Now let’s expand the horizon to 10 years, which is an appropriate frame of reference for long-term investors. On a 10-year basis, investors only experienced a slightly negative (less than 2%) loss on average during one period over the last 20 years, in 2008-09. Despite multiple, severe pullbacks in the market over the last 20 years, when the returns are annualized over 10 years (taking the average of the gains and the losses), the markets have delivered mostly positive annualized returns in the average range of 8-10%. Investors who were invested in the S&P 500 over the last 10 years (rebalancing after periods of market pullback) averaged a 7.4% annualized return for each of those 10 years, despite the significant market decline of over -50% from peak to trough during the financial crisis. This is clear and persuasive evidence that the volatility one experienced during this time did not amount to permanent loss of capital.

As a final frame of reference, from 1937 until 2013, despite negative annual returns in just over a quarter of the years, the S&P 500 has returned negative 10-year annualized returns on only two occasions—the years following the Great Depression, and the years following the financial crisis and Great Recession—and those negative 10-year annualized returns were only down about -2%.

Here’s the big takeaway from us here at the The Fiduciary Group for the Millennials who were put off by the volatility of the markets over the last decade, and as a result, are (1) extremely conservative in their asset allocation, and (2) think that long-term investing is not a key to building wealth: what you have experienced is short-term volatility, not permanent loss of capital. Get used to it. That’s how the markets work. When you stay invested in the markets, you don’t have permanent loss of capital unless fear causes you to sell out at the bottom. When you are invested in stocks, you have a risk of volatility in portfolio valuation. Stay invested. Give your stock portfolio the opportunity to earn the long-term annualized returns in the range of 8-10% which we know it historically has earned.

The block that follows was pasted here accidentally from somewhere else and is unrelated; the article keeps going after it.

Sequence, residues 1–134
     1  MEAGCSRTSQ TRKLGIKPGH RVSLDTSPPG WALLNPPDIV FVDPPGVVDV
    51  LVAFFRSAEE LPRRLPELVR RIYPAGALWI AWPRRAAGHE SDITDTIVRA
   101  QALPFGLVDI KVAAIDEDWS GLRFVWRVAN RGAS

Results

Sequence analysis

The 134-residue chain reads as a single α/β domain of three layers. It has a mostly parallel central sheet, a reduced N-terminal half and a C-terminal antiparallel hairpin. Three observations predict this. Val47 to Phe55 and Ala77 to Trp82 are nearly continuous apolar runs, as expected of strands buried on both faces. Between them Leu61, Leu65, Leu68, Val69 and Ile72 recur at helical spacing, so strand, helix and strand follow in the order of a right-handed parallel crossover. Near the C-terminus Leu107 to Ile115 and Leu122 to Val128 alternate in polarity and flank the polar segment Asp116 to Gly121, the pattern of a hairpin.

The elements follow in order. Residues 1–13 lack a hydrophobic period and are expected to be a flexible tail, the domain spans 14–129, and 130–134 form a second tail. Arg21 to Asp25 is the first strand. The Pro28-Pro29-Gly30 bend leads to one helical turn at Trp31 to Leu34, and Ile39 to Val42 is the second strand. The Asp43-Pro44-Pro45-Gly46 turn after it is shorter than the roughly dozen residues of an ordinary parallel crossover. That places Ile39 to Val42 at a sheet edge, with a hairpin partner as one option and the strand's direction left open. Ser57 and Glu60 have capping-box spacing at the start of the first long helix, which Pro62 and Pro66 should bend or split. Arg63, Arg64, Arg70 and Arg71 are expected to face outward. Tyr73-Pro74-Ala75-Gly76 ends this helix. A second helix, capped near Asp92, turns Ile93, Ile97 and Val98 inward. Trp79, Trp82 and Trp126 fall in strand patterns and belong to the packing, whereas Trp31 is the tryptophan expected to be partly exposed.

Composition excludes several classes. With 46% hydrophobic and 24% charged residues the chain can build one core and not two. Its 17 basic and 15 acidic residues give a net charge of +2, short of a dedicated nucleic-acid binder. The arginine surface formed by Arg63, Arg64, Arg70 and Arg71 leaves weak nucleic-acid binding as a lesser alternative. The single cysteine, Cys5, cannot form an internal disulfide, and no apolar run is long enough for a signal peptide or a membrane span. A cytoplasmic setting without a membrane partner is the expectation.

Want to moderate your risk? Throw in some fixed income—maybe 10-20% early on, increasing over time to 30-40% by the time you’re nearing retirement. But it is not prudent to weight half of your portfolio in cash—what Millennials appear to be doing currently— in order to reduce risk, minimize loss, and avoid market volatility. The bigger risk is that you won’t grow your account sufficiently to be able to retire and maintain your lifestyle.

Work hard, yes! Save a lot, yes! But by all means, embrace long-term investing in stocks as a critical component of building your wealth. Don’t lose sight of the big picture—keep a long-term perspective, maintain an appropriate balance of stocks and bonds in your portfolio, and diversify within and among asset classes to reduce the risk of loss. These are some of the keys to financial success.